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SECTION 3 Ferry Service Typologies This research included a literature review of research on ferries over the last 20 years. This work identifies current ferry industry practices and procedures based on the literature review and an extensive survey of ferry operators that was developed for this report. The 2008 National Census of Ferry Operators (from BTS) reported that ferries operated on more than 350 routes spanning 37 states and three U.S. territories, as well as connecting to seven international destinations. BTS estimates that more than 100 million passengers use U.S. ferries annually. The largest ferry systems were the Staten Island Ferry, which carried 23 million pas- sengers, and the Washington State Ferry, which carried 13 million foot passengers and 11 mil- lion vehicles and vehicle passengers (RITA, accessed April 8, 2010). Ferry Functions Ferries provide three basic transportation functions in the United States within the definition of ferry service. These functions are the fundamental backbone of ferry service, with a hierarchy of importance in relation to regional landside transportation networks (Norris, 1994): Essential ferry routes with no viable land-based alternatives (called Ferry Essential in this report). These are essential ferry routes that provide year-round service to island or water- isolated areas that cannot be reached by road, bridge, or tunnel. These routes typically are operated by a public entity that is part of the regional transportation network, although they may be operated by private entities under government authorization. The routes are seen as marine highways to offshore communities that provide passenger, vehicle, and freight trans- fer to the mainland. Examples include the North Carolina Ferry System, Washington State Ferry, British Columbia Ferry System and the U.S. Virgin Island ferries, among others. Complementary ferry routes that are more efficient than land-based alternatives. These routes compete aggressively with automobile and potentially other public transit modes for time savings and accessibility. These routes are often commuter oriented. A good example is the Staten Island Ferry in New York, which provides a direct, 5-mile connection between Manhattan and Staten Island. The corresponding automobile trip is about 16 miles. Optional ferry routes with equivalent land-based alternatives. Optional ferry routes provide alternatives to automobile travel that may represent some time savings, exhibit greater relia- bility, and provide more amenities. The main goal of increased travel options is to provide al- ternatives to roadways, bridges, and tunnels that may be congested and overcrowded, thereby encouraging people to change travel modes. In the San Francisco Bay Area, the Vallejo Ferry operates on a 30-mile route between downtown Vallejo, a redeveloping industrial town, and downtown San Francisco. Both the ferry route and the parallel Interstate 80 are about the same distance to downtown San Francisco. However, during the peak period, Interstate 80 is extremely 9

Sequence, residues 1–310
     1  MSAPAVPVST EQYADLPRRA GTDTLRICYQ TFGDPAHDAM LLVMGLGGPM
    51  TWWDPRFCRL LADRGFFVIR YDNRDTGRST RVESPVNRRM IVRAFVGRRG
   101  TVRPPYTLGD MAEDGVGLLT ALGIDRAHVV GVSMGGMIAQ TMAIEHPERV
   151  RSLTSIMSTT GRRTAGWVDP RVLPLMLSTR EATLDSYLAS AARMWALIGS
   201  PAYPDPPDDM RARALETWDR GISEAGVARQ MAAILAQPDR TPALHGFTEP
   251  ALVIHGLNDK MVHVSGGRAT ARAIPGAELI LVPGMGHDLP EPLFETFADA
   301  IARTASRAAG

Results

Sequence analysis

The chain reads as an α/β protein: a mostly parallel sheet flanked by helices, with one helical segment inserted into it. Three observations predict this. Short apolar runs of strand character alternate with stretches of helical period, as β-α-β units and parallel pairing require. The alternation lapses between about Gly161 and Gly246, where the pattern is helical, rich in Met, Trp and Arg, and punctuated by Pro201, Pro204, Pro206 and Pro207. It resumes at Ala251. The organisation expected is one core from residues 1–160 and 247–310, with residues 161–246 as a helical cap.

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10 Guidelines for Ferry Transportation Services congested, with travel times approaching about 70 minutes, while the trip on the 34-knot (39-mph/63-kph) ferry is scheduled to be about 55 minutes, a savings of about 20 percent (Vallejo Baylink Ferry, accessed December 3, 2010). Ferry service can be further divided by geography. A typical ferry route is, on average, 11 to 30 minutes, although routes exceeding 2 hours are also common (up to about 40 miles or 65 kilometers). Ferries travel on waterways that are intercoastal (along the coastline), intra- coastal (lakes, rivers, bays, and sounds), and international. These waterways cross urban, coastal, and rural regions (Norris, 1994): Urban areas. Services provide trips within a metropolitan commuting area, with fixed sched- ules, sometimes with consistent "clock" headways, but sometimes with inconsistent frequen- cies. Often, fixed-frequency schedules vary daily to accommodate commuters. Services include point-to-point transit (e.g., across a harbor), linear service with multiple stops (e.g., along a waterfront), circulator service (e.g., fixed route but not fixed schedule), and water taxi service (e.g., fixed landings with passenger pickup on demand). One example is the San Francisco Bay Area where six ferry routes connect the suburbs with downtown San Francisco. Other exam- ples include New York, where 21 weekday routes provide scheduled service across the Hudson and the East River into Manhattan. In addition, Seattle and Boston use commuter ferries within highly urbanized areas and Vancouver has a ferry connecting North Vancouver to the central business district (the SeaBus). Coastal areas. Services provide intercity and inter-island trips on saltwater and large fresh- water lakes. Travel times range from 1 hour to 1 day. Service frequency ranges from daily to weekly and may vary seasonally. Examples include the Lake Express and the Lake Michigan Car Ferry, operating from Michigan to Wisconsin across Lake Michigan; the ferries connect- ing Connecticut to Long Island, New York (Cross Sound and Port Jefferson Ferries); as well as the Washington State Ferry System and the British Columbia Ferry Services (BC Ferries). Rural areas. Services provide transportation across rivers and lakes where the construction of bridges is not warranted. Typically, these routes are short, carry a limited number of vehicles, and accommodate pedestrians and bicycles, and sometimes even operate on demand. Exam- ples include the Bluewater Ferry operating between Marine City, Michigan, and Sombra, Ontario; the Cave-in-Rock Ferry between Kentucky and Illinois; the Washington Island Ferry in Door County, Wisconsin; and ferry services in North Carolina. Ferry systems can also be categorized according to other characteristics, including the follow- ing (Norris, 1994): Commuter and recreational/tourism ferry. Many ferry systems historically have operated a combination of commuter and recreational service, especially private operators who want to optimize the use of their vessels. Public operators also offer off-peak and weekend service in addition to commuter routes. High-volume routes. These routes operate frequently, either as highway ferries or as transit passenger ferries, but do not represent a large number of services. Low-volume highway or transit link. The vast majority of the ferry routes operating in the United States are relatively small routes with low volumes that serve as substitutes for bridges or tunnels or provide service between islands and the mainland. International, interstate, intrastate, or intercity operations. Most systems operate within one jurisdiction. Systems that cross state or country boundaries typically have different oper- ating characteristics than those of commuter and recreational/tourism ferries. Systems in Alaska and Washington are examples where additional amenities and services are provided for longer journeys. Public, private, or public/private operations. In the United States, there are three types of operations that provide waterborne transportation. Public systems provide ferry service where